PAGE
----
Lost ship's legend lives on





The vicious, swirling storm that battered the Great Lakes region in late October inspired talk of a similar gale that brought about one of the great mysteries of the 20th century.

The mighty ore carrier Edmund Fitzgerald, one of the largest ships on America's inland seas, seemed invincible in its bulk and mass, but it was no match for a howling Lake Superior gale on November 10, 1975.

A day earlier, the 729-foot behemoth, operated by mineral company Oglebay Norton, had chugged away from port in Superior, Wisconsin, on a course that would take it across the length of Lake Superior, through the Soo Locks and down Lake Huron to Detroit, Michigan, a journey that should have taken about 48 hours.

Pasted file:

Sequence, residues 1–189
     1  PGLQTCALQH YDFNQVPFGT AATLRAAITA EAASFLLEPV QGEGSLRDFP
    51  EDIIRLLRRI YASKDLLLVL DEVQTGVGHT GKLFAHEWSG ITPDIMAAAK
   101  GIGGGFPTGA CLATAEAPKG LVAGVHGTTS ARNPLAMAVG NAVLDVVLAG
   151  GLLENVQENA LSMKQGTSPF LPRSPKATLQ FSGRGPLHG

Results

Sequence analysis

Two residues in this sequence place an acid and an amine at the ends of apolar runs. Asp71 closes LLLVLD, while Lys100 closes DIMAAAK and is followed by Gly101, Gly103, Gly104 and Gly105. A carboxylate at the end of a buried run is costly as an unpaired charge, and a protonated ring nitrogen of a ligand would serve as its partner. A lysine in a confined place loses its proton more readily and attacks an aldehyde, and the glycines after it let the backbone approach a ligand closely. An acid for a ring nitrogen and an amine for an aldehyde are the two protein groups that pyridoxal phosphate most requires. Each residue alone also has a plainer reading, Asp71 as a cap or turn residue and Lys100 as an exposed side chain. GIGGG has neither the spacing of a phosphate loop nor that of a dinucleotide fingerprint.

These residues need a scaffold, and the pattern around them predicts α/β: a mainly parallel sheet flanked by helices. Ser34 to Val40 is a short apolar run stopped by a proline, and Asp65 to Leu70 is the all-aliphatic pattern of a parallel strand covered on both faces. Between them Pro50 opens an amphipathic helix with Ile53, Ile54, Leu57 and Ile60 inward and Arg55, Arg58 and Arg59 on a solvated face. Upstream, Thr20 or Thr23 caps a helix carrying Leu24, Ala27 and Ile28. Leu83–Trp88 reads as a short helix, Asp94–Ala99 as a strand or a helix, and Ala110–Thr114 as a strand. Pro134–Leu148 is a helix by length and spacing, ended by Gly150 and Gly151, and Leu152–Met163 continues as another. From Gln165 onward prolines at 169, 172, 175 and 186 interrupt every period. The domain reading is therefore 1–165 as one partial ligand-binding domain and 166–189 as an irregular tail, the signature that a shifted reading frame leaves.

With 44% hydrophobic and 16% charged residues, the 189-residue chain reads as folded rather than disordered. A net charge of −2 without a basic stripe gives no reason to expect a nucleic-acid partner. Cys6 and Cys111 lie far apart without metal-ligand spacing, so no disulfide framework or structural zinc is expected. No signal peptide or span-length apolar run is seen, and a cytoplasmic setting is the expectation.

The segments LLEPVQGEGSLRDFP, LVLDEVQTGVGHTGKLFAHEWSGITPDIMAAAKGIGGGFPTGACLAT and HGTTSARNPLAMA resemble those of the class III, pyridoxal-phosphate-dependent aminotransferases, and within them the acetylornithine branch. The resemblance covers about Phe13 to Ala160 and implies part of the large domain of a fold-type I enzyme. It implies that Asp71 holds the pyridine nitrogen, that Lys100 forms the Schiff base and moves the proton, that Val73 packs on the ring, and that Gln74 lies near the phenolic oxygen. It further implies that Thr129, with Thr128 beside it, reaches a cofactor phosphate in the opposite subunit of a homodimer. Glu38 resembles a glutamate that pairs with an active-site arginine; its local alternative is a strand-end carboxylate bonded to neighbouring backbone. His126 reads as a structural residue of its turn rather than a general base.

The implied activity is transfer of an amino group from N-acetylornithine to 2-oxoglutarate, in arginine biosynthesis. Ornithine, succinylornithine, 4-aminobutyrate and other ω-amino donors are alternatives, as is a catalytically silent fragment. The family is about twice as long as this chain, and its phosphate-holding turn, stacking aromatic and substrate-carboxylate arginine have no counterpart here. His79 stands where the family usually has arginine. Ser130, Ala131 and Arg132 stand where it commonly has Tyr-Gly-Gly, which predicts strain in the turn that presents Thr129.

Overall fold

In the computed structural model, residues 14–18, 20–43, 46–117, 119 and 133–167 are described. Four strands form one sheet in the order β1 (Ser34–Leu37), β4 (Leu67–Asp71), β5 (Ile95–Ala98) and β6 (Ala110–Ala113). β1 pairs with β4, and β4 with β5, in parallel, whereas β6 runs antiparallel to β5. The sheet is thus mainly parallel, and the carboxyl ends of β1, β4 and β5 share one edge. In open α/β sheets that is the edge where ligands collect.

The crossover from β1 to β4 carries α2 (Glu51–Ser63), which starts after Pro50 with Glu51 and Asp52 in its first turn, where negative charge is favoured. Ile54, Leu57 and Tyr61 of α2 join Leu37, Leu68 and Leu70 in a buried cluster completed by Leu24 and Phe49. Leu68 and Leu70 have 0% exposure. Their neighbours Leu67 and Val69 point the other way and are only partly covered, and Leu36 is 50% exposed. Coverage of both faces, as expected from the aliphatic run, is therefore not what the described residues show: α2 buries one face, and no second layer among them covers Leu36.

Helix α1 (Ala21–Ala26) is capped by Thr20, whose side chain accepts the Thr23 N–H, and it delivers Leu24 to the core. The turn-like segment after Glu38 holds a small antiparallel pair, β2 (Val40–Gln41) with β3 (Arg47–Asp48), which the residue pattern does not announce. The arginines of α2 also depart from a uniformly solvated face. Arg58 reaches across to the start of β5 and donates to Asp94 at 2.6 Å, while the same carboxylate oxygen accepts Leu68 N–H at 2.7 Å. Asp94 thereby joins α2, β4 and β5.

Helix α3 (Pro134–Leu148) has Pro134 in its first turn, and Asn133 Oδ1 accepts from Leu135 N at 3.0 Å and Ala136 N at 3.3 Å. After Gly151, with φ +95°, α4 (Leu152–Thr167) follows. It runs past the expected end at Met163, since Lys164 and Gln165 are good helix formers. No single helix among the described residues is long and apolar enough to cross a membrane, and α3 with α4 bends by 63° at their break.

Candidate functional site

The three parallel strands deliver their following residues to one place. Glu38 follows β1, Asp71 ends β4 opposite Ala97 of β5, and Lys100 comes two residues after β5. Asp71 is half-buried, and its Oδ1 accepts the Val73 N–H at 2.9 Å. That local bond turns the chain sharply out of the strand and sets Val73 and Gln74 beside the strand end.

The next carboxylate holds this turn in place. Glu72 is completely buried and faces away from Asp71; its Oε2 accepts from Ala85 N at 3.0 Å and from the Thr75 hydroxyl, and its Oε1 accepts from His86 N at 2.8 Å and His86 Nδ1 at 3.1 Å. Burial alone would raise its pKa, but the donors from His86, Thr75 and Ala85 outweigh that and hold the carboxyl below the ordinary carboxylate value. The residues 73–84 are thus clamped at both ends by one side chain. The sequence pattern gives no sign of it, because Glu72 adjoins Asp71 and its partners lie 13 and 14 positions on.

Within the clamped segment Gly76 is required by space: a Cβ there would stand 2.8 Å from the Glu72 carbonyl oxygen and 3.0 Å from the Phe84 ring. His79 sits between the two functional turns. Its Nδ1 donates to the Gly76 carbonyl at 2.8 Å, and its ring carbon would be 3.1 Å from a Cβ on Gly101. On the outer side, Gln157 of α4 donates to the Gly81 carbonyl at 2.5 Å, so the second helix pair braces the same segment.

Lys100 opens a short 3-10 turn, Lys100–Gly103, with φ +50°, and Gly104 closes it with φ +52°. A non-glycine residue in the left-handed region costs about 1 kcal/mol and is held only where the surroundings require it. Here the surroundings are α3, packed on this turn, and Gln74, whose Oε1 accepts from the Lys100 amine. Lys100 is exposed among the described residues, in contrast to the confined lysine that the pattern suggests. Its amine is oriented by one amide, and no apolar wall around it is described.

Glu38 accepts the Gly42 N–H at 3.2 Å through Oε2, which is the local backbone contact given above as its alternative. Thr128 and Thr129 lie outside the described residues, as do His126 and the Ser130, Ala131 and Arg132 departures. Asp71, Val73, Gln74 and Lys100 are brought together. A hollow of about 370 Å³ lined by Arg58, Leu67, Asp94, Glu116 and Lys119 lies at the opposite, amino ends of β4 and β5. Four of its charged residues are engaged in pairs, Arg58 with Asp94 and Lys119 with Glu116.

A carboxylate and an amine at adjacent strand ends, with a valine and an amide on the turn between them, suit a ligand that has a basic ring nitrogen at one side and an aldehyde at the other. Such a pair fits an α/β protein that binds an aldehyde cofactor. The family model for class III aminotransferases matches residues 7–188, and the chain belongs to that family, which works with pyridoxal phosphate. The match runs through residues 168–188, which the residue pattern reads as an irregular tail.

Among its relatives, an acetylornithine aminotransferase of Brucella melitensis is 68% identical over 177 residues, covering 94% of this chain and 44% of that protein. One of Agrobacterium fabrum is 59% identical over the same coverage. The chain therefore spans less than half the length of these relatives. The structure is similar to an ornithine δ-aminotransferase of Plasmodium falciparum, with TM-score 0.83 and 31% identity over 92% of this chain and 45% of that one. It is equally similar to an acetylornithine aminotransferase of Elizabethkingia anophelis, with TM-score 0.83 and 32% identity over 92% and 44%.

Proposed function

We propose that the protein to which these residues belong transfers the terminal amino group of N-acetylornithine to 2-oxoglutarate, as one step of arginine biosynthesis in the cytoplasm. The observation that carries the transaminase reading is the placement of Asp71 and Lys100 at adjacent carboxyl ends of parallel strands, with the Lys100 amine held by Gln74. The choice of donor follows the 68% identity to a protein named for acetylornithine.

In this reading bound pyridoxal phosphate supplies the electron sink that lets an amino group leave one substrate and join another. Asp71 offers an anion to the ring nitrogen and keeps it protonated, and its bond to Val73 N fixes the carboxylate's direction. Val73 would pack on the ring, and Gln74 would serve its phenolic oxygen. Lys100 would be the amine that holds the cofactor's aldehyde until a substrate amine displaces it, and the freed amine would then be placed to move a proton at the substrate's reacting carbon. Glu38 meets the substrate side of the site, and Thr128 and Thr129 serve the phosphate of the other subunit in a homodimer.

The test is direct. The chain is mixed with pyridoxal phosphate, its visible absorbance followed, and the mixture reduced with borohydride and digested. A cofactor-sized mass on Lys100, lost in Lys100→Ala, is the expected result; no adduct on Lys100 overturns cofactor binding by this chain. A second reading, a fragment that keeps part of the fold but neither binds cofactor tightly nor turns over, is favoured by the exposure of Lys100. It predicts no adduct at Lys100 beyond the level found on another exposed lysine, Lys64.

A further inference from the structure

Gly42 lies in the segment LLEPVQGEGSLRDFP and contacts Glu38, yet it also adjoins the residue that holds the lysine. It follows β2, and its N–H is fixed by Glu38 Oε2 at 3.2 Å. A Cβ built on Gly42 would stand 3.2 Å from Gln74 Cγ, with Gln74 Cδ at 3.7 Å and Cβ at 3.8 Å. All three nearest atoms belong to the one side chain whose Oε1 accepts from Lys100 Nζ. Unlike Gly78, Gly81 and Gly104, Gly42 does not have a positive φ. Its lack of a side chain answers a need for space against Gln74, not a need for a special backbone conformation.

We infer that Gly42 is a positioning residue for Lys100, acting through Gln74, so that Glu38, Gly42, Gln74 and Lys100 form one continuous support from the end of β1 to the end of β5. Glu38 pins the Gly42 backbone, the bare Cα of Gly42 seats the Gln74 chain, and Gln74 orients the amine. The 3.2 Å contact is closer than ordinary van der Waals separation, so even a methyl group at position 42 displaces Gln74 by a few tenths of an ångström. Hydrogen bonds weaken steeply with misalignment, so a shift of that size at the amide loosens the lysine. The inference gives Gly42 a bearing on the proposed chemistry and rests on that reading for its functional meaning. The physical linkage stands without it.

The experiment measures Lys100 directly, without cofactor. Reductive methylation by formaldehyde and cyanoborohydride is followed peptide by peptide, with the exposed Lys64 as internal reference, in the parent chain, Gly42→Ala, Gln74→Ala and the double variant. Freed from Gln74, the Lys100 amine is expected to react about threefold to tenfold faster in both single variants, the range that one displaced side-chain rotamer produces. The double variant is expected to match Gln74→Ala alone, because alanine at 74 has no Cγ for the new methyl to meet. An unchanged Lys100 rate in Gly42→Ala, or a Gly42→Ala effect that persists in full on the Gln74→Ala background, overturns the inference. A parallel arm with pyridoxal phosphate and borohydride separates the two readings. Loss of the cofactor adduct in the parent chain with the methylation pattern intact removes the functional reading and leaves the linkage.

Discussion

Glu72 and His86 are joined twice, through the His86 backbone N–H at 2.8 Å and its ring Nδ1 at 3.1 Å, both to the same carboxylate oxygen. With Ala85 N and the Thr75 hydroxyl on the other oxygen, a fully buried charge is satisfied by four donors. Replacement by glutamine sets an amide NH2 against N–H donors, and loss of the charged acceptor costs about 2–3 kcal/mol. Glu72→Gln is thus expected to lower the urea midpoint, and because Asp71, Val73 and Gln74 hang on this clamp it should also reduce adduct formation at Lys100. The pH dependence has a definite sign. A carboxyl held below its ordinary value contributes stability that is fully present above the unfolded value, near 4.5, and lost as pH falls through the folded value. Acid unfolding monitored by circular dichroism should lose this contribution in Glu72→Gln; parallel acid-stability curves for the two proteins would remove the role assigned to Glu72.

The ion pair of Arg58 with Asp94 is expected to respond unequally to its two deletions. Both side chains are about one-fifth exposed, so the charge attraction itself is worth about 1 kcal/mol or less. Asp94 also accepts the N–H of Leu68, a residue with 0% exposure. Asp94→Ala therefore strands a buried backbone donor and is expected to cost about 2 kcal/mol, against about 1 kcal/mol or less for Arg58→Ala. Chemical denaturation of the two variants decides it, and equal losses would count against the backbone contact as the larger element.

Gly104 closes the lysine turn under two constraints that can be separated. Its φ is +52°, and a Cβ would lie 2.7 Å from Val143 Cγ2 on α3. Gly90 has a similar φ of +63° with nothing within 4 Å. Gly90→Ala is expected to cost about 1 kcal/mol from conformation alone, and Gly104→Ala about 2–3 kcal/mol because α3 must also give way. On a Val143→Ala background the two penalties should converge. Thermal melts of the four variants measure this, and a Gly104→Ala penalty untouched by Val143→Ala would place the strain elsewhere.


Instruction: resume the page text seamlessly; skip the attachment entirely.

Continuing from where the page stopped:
With the storm bearing down on them the next morning, the Fitzgerald and another freighter, the Arthur M. Anderson, took a northerly route, hoping the Canadian shore would provide a buffer. Icy rain was driven sideways by hurricane-force wind and monstrous 25-foot waves crashed over the main deck, which rode less than 12 feet above the waterline....



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